Reading the River
Eddies, Up Close and Personal
By Tamia Nelson
September 16, 2003
Reading water is Job #1 for all river paddlers,
from the canoeist who's happy drifting lazily through Class I riffles to the
kayaker itching to challenge steep Class V drops. No river is a featureless
sluiceway, and no two rivers are alike. The Battenkill of
my youth was an intimate, meandering pool-and-drop stream, very different
in character from the big rivers of the American West. Despite their obvious
differences, however, the Battenkill and the Colorado have many things in
common. One of these is the eddy.
What is an eddy? In simplest terms, it's a place where the current of a
river slackens suddenly, or even reverses itself. Eddies are characterized by
circular flow patterns. A whirlpool is a kind of eddy, but the eddies that
most paddlers know best are the ones that form on the downstream side of
obstructions in a river.
Examples abound. Midstream boulders create eddies, whether or not the
boulders are visible above the surface. So do downed
piers, and projecting rock ledges. Eddies also form at the inside
of every bend in a river. And even when the channel runs straight as a
die, there are weak eddies along the bank on either side, where friction robs
the rushing water of some of its force and speed.
In short, expect eddies anytime something gets in a river's way, slows it
down, or forces it to make a turn.
Want a demonstration? You can find one as close as the nearest culvert,
parking lot, or drainage ditch. The next time a rainstorm sweeps through your
area, look for a thread of running water. It doesn't matter how small it is.
Just follow the main current with your eye. See how grass clippings and other
debris collect in tiny swirling pools below every pebble, and on the inside of
every bend? Those are eddies.
Let's get back to the
river. Check out the big boulder in midchannel. The river flows around it,
right? But water piles up against the upstream side, too. That's the
cushion. True to its name, you can sometimes rely on it to soften the
blow if you misjudge your line of descent and slam into the boulder. But don't
count on it. The cushion is stuffed with rock, after all!
And what happens downstream? The boulder splits the river into two parts,
but the filaments of water are reunited almost immediately. Then, impelled by
gravity, some of the flow surges back to fill the "hole" in the river. The
result? An eddy is born.
Of course, no two eddies are exactly alike. If a river is lazy and
slow-moving, its eddies will be equally languid, their ill-defined margins
marked only by minute, almost imperceptible whirlpools. Such eddies are easy
to drift into on lazy summer paddles. This isn't the case when a river rushes
pell-mell down a steep valley, though. Here the eddies take on a more muscular
character. They're now maelstroms of sloshing spume, and their boundaries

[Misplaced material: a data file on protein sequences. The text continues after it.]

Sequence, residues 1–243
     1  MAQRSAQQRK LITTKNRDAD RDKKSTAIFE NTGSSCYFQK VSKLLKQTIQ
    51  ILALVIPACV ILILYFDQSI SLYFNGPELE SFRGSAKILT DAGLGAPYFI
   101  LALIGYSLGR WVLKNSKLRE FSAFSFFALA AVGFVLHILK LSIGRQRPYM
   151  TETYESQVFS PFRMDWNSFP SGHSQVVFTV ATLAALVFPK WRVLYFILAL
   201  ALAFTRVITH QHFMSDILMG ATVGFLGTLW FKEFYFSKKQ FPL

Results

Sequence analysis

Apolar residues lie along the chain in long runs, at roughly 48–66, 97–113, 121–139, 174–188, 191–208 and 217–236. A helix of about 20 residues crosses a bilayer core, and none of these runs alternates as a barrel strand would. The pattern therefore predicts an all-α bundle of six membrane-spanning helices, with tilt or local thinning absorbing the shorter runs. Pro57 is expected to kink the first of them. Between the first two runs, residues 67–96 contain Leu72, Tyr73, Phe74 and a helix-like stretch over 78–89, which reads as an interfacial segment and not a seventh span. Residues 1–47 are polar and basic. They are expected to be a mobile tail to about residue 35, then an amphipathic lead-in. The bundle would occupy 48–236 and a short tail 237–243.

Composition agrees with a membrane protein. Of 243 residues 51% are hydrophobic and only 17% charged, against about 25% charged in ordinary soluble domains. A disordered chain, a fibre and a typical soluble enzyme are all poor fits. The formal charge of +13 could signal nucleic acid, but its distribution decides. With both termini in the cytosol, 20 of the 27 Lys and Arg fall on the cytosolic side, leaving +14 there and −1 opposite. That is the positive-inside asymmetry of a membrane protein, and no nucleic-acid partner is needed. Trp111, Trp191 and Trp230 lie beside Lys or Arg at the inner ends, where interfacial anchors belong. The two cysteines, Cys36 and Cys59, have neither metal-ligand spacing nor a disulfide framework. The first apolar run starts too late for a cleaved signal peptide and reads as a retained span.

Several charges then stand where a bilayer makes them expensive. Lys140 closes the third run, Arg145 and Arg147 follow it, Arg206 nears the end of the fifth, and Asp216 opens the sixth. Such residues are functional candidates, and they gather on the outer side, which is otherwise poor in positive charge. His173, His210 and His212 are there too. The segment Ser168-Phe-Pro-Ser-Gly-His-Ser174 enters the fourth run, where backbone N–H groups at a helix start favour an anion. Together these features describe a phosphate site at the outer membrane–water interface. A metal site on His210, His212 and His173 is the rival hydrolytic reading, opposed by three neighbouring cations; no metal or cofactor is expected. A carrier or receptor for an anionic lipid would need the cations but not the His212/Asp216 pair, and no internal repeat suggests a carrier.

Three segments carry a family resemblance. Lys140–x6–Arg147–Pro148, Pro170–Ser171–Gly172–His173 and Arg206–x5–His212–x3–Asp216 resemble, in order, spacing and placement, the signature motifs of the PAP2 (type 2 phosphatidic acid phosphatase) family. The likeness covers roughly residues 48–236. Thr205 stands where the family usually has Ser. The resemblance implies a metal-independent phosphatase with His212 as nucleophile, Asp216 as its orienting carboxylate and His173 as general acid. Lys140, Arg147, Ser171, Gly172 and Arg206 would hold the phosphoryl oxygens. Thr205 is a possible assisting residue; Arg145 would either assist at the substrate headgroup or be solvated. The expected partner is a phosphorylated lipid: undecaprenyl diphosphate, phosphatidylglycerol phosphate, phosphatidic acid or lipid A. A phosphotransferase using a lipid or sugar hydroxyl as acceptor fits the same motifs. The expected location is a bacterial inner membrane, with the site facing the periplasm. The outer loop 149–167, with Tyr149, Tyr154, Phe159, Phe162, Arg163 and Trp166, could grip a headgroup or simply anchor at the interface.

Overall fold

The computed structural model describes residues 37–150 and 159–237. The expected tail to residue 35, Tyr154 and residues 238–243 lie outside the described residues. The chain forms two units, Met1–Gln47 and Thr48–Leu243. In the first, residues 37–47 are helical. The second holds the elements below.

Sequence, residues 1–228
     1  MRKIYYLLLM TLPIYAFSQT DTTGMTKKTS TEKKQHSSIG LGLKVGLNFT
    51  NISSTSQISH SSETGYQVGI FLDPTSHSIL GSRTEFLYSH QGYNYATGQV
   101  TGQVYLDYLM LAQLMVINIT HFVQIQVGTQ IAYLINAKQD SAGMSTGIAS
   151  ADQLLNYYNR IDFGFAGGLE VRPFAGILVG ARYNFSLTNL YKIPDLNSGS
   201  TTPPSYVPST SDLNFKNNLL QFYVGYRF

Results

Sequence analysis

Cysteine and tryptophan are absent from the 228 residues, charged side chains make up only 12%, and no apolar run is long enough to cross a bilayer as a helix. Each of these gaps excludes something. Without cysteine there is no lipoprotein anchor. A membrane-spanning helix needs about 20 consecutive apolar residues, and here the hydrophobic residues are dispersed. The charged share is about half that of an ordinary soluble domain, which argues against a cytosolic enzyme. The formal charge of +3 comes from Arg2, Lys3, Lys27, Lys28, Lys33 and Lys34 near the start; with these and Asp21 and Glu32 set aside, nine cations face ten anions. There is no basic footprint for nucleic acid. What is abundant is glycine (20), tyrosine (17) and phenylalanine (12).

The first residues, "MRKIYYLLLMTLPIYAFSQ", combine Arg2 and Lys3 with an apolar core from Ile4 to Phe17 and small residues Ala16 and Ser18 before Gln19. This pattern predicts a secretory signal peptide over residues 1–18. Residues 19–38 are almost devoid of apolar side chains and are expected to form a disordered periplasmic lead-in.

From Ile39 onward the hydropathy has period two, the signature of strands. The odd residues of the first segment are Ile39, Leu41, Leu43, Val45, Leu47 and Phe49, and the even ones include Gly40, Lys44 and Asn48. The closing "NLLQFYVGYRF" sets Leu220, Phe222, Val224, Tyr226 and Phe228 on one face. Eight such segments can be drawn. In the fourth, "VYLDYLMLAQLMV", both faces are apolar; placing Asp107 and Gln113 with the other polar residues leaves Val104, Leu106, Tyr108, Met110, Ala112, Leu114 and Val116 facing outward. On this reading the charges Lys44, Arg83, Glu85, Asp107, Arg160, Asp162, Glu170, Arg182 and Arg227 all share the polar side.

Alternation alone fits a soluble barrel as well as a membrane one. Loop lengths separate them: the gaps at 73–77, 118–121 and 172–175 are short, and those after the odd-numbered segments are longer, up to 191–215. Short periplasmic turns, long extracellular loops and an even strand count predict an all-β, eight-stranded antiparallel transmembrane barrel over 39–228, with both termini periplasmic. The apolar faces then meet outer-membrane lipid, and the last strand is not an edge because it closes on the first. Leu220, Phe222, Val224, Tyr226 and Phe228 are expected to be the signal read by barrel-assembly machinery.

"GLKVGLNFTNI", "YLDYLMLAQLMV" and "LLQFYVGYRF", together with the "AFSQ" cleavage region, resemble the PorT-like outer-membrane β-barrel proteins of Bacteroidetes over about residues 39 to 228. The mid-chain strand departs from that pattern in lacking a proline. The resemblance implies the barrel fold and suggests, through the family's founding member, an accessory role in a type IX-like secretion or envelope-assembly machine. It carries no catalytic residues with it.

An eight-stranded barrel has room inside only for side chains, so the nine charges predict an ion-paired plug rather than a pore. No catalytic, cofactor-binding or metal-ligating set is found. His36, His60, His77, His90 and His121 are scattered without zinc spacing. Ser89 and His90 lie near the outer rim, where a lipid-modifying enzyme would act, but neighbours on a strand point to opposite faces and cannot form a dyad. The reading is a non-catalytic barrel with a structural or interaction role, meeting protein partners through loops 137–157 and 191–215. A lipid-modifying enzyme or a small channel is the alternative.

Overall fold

("eddy-lines") form heaving barriers. There's often a pronounced drop or
"step" at the edges of the larger eddies, too. You won't drift into these
eddies unaware! You'll have to drive hard to cross the eddy-line, leaning your
boat as you enter to avoid being flipped by the powerful reverse flow. And
you'd better watch out for a rough landing. If you're not prepared, the eddy
will thrust your boat up against the boulder at its head and send you
sprawling forward into the bargain.
Still, a rock doesn't have to stand tall to have an eddy below it.
Submerged rocks can also play the game. It's "invisible" eddies like these
that most often take summer paddlers by surprise on easy water. "Why have we
stopped?" they ask themselves, as they spin slowly around in midchannel, their
paddles on their knees, going nowhere. And then they catch sight of a sunken
rock just a few feet upstream. The mystery is solved. They've blundered into a
"slick." It's not a big deal. There's no better place to take a picture or
two, drink some
water, or have a bite to eat.
Once they've tired of going nowhere, they just pick up their paddles and move
When big, fast rivers wash over submerged boulders, however, it's a whole
'nother scene. Such wash-overs produce huge, boat-eating "souse holes," with
powerful vertical currents. Experts find them exhilarating playgrounds,
but most beginners would rather face rush-hour traffic than deliberately enter
one of these midriver Maytags.
Happily, there's a broad middle ground between placid slicks and churning
souse holes. That's where you'll find the "friendly eddies," welcome refuges
amidst the swift currents of whitewater rivers. They're good places to stop
or bail, or
catch your breath. Let's take a closer look at one example, made a little more
complicated by the presence of a second rock in the eddy, with an eddy
all its own. This is a common occurrence, but you needn't lose any sleep over
it. If the main eddy is large enough, the second rock won't cause any problems
for alert paddlers. In fact, if the parent eddy is really big, it's simply
another opportunity to play the river.